With allocated seating you will find such cretins would have moved to another seat to commit the crime (barring the REALLY stupid ones who damage their own seat!). Therefore you couldn't trace them anyway. Seriously you cannot say that people with allocated seats do not damage aircraft.

The fact there is free seating has not induced any more acts of theft or vandelism. Therefore we can conclude that it does not make a difference. If people wanted a seatbelt or IFE controller they either had balls enough to do it to their own seat or moved to a spare.

Having now been plastered all over the media. I would say such idiots have now been invited to come forward and prove me wrong!

I am not sure if you work in the industry, particularily in airports or on aircraft. But the level of stupidity and selfishness in a small minority of the traveling public would ASTOUND you. That's a promise!


User currently offlineBD1959 From Australia, joined Oct 2002, 450 posts, RR: 2
Reply 17, posted (9 years 11 months 3 weeks 4 days ago) and read 2728 times:

Miami1,

In this instance the type of vandalism IS of a major concern since it was the result of a very sharp implement being smuggled onto the aircraft. To date, taking ones hands onto an aircraft is not illegal (though using those hands to rip off an armrest would be!).

Granted, even with allocated seating it is possible to vandalise an aircraft, however not everyone moves around and swaps seats. Even if those seats which had their belts slashed were "unoccupied" there would be fellow passengers around (who had not swapped seats) who would be able to assist in identifying anyone who had moved into those seats. It then becomes easier to identify the person responsible.

I don't know about you - but as a regular traveller on Australian Domestic services, I'd really like to know how they managed to get something so sharp onto a domestic flight. Unfortunately, it would appear that we will never know.

BD


User currently offlineSK973 From Sweden, joined Mar 2004, 327 posts, RR: 1
Reply 18, posted (9 years 11 months 3 weeks 3 days 23 hours ago) and read 2695 times:

Miami1,

Didn't know LH had PTVs...  Big grin



User currently offline7E7 From Australia, joined Aug 2003, 159 posts, RR: 1
Reply 19, posted (9 years 11 months 3 weeks 3 days 23 hours ago) and read 2675 times:

This has happened.

A while back, a collegue was greeting his mrs on her flight back from SYD into MEL, going through security up to the flight gate.
He had a swissknife in his bumbag (as he's a car de-tailer, he took 2 hours off his work to meet her at the airport).

He did not realise that he had the knife until he got to his car and was digging his hand into the bag to get the keys.

He assured me that he didn't even take the bag off, nor did the metal detector go off when he went through it.
I pressed on him to call channel 7's Today Tonight to tell them what happened, but he thought they won't believe him.


User currently offlineBD1959 From Australia, joined Oct 2002, 450 posts, RR: 2
Reply 20, posted (9 years 11 months 3 weeks 3 days 21 hours ago) and read 2618 times:

7E7,

I pressed on him to call channel 7's Today Tonight to tell them what happened, but he thought they won't believe him.

Oh, they'd probably believe him but (being Today Tonight) Naomi wouldn't be interested as there's no weight-loss, hyperactive kid or book to sell (featuring hyper-active, fat kids) in this "news item".  Smile/happy/getting dizzy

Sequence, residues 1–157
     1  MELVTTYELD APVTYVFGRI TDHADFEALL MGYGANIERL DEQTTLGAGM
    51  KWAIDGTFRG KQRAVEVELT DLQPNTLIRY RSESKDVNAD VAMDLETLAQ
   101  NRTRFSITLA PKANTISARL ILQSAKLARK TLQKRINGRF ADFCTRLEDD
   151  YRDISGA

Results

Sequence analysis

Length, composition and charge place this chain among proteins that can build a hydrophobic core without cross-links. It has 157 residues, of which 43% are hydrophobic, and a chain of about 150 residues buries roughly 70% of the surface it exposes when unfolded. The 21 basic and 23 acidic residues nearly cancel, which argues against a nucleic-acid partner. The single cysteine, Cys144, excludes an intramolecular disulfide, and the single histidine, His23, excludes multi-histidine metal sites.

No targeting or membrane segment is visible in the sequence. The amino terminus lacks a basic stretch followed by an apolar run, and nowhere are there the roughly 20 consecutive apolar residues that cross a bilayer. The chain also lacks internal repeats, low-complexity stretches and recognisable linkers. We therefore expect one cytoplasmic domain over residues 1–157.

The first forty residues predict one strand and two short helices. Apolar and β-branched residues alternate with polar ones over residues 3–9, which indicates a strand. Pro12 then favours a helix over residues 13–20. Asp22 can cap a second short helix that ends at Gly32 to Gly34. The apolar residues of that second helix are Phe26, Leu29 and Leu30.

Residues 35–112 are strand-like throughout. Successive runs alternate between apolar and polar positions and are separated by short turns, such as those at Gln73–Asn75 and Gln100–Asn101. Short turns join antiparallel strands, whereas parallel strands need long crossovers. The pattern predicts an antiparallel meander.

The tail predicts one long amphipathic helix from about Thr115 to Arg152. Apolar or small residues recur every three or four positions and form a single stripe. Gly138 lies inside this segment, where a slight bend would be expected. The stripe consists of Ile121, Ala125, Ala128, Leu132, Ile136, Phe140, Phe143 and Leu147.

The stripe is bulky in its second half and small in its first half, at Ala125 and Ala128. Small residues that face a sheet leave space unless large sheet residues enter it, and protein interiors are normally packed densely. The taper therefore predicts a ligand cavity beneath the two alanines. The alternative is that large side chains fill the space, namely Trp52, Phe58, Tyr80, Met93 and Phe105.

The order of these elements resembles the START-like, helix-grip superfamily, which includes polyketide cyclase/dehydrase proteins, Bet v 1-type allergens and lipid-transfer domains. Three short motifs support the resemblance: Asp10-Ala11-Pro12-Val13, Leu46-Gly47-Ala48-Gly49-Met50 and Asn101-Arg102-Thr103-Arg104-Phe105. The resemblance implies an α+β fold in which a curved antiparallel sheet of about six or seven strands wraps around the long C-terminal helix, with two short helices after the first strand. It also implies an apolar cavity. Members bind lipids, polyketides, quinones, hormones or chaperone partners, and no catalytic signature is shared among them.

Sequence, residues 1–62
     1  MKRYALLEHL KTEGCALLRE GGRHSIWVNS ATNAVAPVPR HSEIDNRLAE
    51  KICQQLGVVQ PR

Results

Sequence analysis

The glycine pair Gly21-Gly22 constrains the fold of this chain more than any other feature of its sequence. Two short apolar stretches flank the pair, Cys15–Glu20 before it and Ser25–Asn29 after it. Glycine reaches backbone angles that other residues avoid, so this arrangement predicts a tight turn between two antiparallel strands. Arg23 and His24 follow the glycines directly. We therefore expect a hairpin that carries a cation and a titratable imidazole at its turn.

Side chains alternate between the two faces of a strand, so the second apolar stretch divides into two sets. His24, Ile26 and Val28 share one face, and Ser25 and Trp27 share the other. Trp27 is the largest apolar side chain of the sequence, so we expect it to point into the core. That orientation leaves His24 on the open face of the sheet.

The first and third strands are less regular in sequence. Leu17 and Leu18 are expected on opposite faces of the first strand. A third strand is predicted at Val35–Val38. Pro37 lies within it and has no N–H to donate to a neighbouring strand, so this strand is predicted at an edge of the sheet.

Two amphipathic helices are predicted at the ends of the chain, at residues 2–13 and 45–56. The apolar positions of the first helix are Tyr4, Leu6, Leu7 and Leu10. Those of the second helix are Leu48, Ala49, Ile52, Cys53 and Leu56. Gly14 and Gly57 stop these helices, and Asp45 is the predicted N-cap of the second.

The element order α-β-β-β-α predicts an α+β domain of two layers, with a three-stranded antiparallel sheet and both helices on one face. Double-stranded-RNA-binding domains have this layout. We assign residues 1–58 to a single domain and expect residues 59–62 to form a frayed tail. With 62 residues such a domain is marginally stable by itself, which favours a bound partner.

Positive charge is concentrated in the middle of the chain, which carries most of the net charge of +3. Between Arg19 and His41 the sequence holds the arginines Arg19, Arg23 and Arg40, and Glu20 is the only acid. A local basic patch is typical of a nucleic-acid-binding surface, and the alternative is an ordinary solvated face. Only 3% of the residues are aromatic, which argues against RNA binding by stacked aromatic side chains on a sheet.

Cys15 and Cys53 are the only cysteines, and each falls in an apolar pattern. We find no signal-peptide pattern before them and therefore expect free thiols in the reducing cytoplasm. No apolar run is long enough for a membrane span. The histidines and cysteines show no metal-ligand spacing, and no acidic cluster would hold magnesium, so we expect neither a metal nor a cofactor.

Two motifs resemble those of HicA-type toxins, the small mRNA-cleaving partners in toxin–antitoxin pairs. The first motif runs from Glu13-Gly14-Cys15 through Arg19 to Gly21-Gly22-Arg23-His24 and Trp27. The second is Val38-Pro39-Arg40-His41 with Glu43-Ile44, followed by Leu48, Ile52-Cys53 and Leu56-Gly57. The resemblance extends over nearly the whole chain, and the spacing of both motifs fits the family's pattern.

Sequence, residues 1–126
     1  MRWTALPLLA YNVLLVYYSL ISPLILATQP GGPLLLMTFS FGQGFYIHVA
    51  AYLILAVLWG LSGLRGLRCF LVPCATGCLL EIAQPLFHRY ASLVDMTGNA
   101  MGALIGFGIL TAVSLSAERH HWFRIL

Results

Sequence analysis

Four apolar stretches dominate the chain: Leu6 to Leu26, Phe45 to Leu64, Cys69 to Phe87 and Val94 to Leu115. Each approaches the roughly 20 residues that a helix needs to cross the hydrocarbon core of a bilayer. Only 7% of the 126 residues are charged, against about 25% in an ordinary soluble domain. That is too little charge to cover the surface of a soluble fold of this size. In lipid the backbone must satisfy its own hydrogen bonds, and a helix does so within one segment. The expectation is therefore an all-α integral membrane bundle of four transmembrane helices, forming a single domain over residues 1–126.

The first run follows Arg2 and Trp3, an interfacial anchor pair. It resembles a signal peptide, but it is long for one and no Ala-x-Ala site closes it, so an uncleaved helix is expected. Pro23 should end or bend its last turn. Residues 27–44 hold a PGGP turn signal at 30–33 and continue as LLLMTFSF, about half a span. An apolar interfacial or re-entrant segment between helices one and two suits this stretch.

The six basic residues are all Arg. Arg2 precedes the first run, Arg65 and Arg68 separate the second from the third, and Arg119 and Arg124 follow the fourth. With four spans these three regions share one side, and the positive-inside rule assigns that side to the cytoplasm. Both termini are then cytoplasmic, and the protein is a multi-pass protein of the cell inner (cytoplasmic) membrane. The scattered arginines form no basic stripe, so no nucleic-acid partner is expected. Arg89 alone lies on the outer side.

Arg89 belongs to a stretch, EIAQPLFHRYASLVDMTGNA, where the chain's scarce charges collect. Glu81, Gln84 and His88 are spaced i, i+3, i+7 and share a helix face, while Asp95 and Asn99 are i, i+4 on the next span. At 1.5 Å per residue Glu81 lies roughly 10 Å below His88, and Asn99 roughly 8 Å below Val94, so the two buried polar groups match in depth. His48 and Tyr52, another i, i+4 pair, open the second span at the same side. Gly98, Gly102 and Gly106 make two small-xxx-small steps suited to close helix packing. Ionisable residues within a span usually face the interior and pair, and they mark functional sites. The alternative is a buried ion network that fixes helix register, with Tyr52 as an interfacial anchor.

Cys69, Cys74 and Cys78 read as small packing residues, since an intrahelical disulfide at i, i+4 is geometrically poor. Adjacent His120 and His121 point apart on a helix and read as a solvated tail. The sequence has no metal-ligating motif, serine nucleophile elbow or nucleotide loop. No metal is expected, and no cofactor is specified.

BD


User currently offline7e7 From Australia, joined Aug 2003, 159 posts, RR: 1
Reply 21, posted (9 years 11 months 3 weeks 3 days 18 hours ago) and read 2570 times:

lol, BD1959 you're probably right  Laugh out loud

User currently offlineCragley From Australia, joined Jul 2004, 426 posts, RR: 0
Reply 22, posted (9 years 11 months 3 weeks 3 days 14 hours ago) and read 2520 times:



I think the point trying to be made is that in the past when vandalism has taken place, its been easier to track the culprit.
Now it is more difficult to do, and most probably it wasn;t thought of by jetstar.

The fact that a belt was slashed indicates someone got on with a sharp object and it wasn;t detected.

That means that there was a person/persons on board the flight who not only vandalised the plane, but was also carrying a sharp object/weapon. And Jetstar have no idea who this person is.

And yeah, safety cards cost the airline money. Why give them away or let them be taken?

P.S If anyone wants any from Ansett, I have a few  Smile/happy/getting dizzy


User currently offlineDoorsToManual From , joined Dec 1969, posts, RR:
Reply 23, posted (9 years 11 months 3 weeks 3 days 13 hours ago) and read 2502 times:

The airline I work for also has a free seating policy. We carry a stock of spare safety cards and lifejackets aboard all flights; to be honest, theft of such property is fairly uncommon, so I don't think the airline will be changing the policy anytime soon. As for slashing of seatbelts with a sharp object - whilst not meaning to belittle this, people bring 1L glass bottles aboard the aircraft every day; in my mind, these objects are just as dangerous!

User currently offlineLauda777 From Australia, joined Nov 2003, 165 posts, RR: 0
Reply 24, posted (9 years 11 months 3 weeks 3 days 10 hours ago) and read 2444 times:

DoorsToManual is right, a glass bottle of alcohol which is permitted on board and sometimes sold on board duty free, can easily knock someone out or be smashed open and used as a sharp weapon.
Whoever slashed the seatbelts might have had a piece of glass with them, glass wouldn't set off the metal detector would it? Yet it can be just as dangerous as a knife.



We remind passengers all flights are non smoking, if you are caught smoking you will be asked to sit outside on the wing
25 Post contains images 7E7 : Speaking of dangerous tools onboard, a piano or guitar string are extremely verstaile silent weapons. All what's needed is strong arms/hands. Anything
26 Ryanair : To be honest it is almost impossible to prove vandalism on a plane. Just because somebody was assigned a certain seat, doesn't mean they are responsib